The Disappointment (Behn)

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For works with similar titles, see The Disappointment.

One day the Amorous Lysander,
By an impatient Passion sway'd,
Surpris'd fair Chris, that lov'd Maid,
Who could defend herself no longer.
All things did with his Love conspire;
The gilded Planet of the Day,
In his gay Chariot drawn by Fire,
Was now descending to the Sea,
And left no Light to guide the World,
But what from Claris Brighter Eyes was hurld.

In a lone Thicket made for Love,
Silent as yielding Maids Consent,
She with a Charming Languishment,
Permits his Force, yet gently strove ;
Her Hands his Bosom softly meet.
But not to put him back design'd.
Rather to draw 'em on inclin'd:
Whilst he lay trembling at her Feet,
Resistance 'tis in vain to show ;
She wants the pow'r to say — Ah ! what d'ye do ?

Her Bright Eyes sweet, and yet severe,
Where Love and Shame confus'dly strive,
Fresh Vigor to Lysander give;
And breathing faintly in his Ear,
She cry'd — Cease, Cease — your vain Desire,
Or I'll call out — What would you do ?
My Dearer Honour ev'n to You
I canfwt, must not give — Retire,
Or take this Life, whose chiefest part
I gave you with the Conquest of my Heart.

But he as much unus'd to Fear,
As he was capable of Love,
The blessed minutes to improve.
Kisses her Mouth, her Neck, her Hair;
Each Touch her new Desire Alarms,
His burning trembling Hand he prest
Upon her swelling Snowy Brest,
While she lay panting in his Arms.
All her unguarded Beauties lie
The Spoils and Trophies of the Enemy.

And now without Respect or Fear,
He seeks the Object of his Vows,
(His Love no Modesty allows)
His swift degrees advancing — where
His daring Hand that Altar seiz'd.
Where Gods of Love do Sacrifice:
That Awful Throne, the Paradice
Where Rage is calm'd, and Anger pleas'd;
That Fountain where Delight still flows,
And gives the Universal World Repose.

Her Balmy Lips incountring his,
Their Bodies, as their Souls, are joyn'd;
Where both in Transports Unconfin'd
Extend themselves upon the Moss.
Claris half dead and breathless lay;
Her soft Eyes cast a Humid Light,
Such as divides the Day and Night;
Or falling Stars, whose Fires decay:
And now no signs of Life she shows,
But what in short-breath'd Sighs returns & goes.

He saw how at her Length she lay;
He saw her rising Bosom bare;
Her loose thin Robes, through which appear
A Shape design'd for Love and Play;
Abandon'd by her Pride and Shame,
She does her softest joys dispence,
Off'ring her Virgin-Innocence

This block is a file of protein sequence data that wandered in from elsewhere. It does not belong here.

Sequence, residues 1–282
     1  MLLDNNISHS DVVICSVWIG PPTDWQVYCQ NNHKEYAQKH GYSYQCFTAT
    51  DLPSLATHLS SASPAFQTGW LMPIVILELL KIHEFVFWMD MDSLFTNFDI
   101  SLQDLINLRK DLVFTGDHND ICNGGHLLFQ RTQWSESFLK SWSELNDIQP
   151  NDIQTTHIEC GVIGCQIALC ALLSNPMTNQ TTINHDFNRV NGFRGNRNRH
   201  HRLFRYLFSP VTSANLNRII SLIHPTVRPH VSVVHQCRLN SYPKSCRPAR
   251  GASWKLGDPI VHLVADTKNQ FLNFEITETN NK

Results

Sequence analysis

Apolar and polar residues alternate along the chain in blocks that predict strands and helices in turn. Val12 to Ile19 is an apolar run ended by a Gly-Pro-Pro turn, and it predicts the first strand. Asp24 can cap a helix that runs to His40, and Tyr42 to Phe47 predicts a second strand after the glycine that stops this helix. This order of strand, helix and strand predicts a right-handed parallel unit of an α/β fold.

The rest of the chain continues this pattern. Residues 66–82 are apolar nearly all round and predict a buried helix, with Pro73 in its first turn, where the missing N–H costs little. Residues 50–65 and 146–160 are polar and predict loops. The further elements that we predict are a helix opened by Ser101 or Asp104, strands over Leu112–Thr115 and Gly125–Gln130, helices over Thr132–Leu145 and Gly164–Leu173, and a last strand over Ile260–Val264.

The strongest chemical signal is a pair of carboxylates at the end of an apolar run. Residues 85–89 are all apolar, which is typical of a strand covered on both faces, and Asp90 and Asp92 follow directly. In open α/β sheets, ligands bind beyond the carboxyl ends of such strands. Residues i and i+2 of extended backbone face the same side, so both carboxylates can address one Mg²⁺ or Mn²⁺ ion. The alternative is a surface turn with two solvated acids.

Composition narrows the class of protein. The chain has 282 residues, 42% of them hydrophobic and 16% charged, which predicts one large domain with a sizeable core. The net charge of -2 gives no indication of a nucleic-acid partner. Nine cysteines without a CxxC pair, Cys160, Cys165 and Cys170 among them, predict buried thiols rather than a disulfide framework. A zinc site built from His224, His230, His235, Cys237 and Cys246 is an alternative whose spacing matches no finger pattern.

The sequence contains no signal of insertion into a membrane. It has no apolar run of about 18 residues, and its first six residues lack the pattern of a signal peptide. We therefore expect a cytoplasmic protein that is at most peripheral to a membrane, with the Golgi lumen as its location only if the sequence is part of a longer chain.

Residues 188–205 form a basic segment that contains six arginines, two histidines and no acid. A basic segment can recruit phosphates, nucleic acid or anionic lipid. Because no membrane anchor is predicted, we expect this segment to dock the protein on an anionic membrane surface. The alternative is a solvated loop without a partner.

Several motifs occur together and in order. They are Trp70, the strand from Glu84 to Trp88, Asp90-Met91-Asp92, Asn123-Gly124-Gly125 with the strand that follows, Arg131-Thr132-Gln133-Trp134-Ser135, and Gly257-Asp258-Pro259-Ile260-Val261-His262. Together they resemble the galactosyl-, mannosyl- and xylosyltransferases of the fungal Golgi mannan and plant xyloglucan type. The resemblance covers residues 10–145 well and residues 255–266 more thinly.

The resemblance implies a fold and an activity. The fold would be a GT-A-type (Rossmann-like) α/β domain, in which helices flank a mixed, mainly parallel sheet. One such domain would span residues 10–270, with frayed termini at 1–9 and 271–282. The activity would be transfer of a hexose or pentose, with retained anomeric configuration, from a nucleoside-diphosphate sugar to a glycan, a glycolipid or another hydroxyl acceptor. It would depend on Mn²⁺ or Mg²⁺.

A Victim to Loves Sacred Flame;
While the o'er-Ravish'd Shepherd lies
Unable to perform the Sacrifice.

Ready to taste a thousand Joys,
The too transported hapless Swain
Found the vast Pleasure turn'd to Pain;
Pleasure which too much Love destroys:
The willing Garments by he laid,
And Heaven all open'd to his view,
Mad to possess, himself he threw
On the Defenceless Lovely Maid.
But Oh what envying God conspires
To snatch his Power, yet leaves him the Desire.

Nature's Support, (without whose Aid
She can no Humane Being give)
It self now wants the Art to live;
Faintness its slack'ned Nerves invade:
In vain th'enraged Youth essay'd
To call its fleeting Vigor back,
No motion 'twill from Motion take;
Excess of Love his Love betray'd:
In vain he toils, in vain Commands;
The insensible fell weeping in his Hand.

In this so Amorous Cruel Strife,
Where Love and Fate were too severe,
The poor Lysander in dispair
Renounc'd his Reason with his Life:
Now all the brisk and active Fire
That should the Nobler parts inflame,
Serv'd to increase his Rage and Shame,
And left no .spark for New Desire:
Not all her Naked Charms cou'd move
Or calm that Rage that had debauch'd his Love.

Claris returning from the Trance
Which Love and soft Desire had bred,
Her timerous Hand she gently laid
(Or guided by Design or Chance)
Upon that Famous Friapas,
That Potent God, as Poets feign;
But never did young Shepherdess,
Gath'ring of Fern upon the Plain,
More nimbly draw her Fingers back,
Finding beneath the verdant Leaves a Snake.

Than Claris her fair Hand withdrew,
Finding that God of her Desires
Disarm'd of all his Awful Fires,
And Cold as Flow'rs bath'd in the Morning Dew.
Who can the Nymph's Confusion guess?
The Blood forsook the hinder Place,
And strew'd with Blushes all her Face,
Which both Disdain and Shame exprest:
And from Lysatider's Arms she fled,
Leaving him fainting on the Gloomy Bed.

Like Lightning through the Grove she hies.
Or Daphne from the Delphick God,
No Print upon the grassey Road
She leaves, t'instruct Pursuing Eyes.
The Wind that wanton'd in her Hair,
And with her Ruffled Garments plaid,
Discover'd in the Flying Maid
All that the God e'er made, if Fair.
So Ve7iiis, when her Love was slain,
With Fear and Haste flew o'er the Fatal Plain.

The Nymphs resentment none but I
Can well Imagine or Condole:
But none can guess Lysander's Soul,
But those who sway'd his Destiny.
His silent Griefts swell up to Storms,
And not one God his Fury spares;
He curs'd his Birth, his Fate, his Stars;
But more the Shepherdess's Charms,
Whose soft bewitching Influence
Had Damn'd him to the Hell of Impotence.

This work was published before January 1, 1924, and is in the public domain worldwide because the author died at least 100 years ago.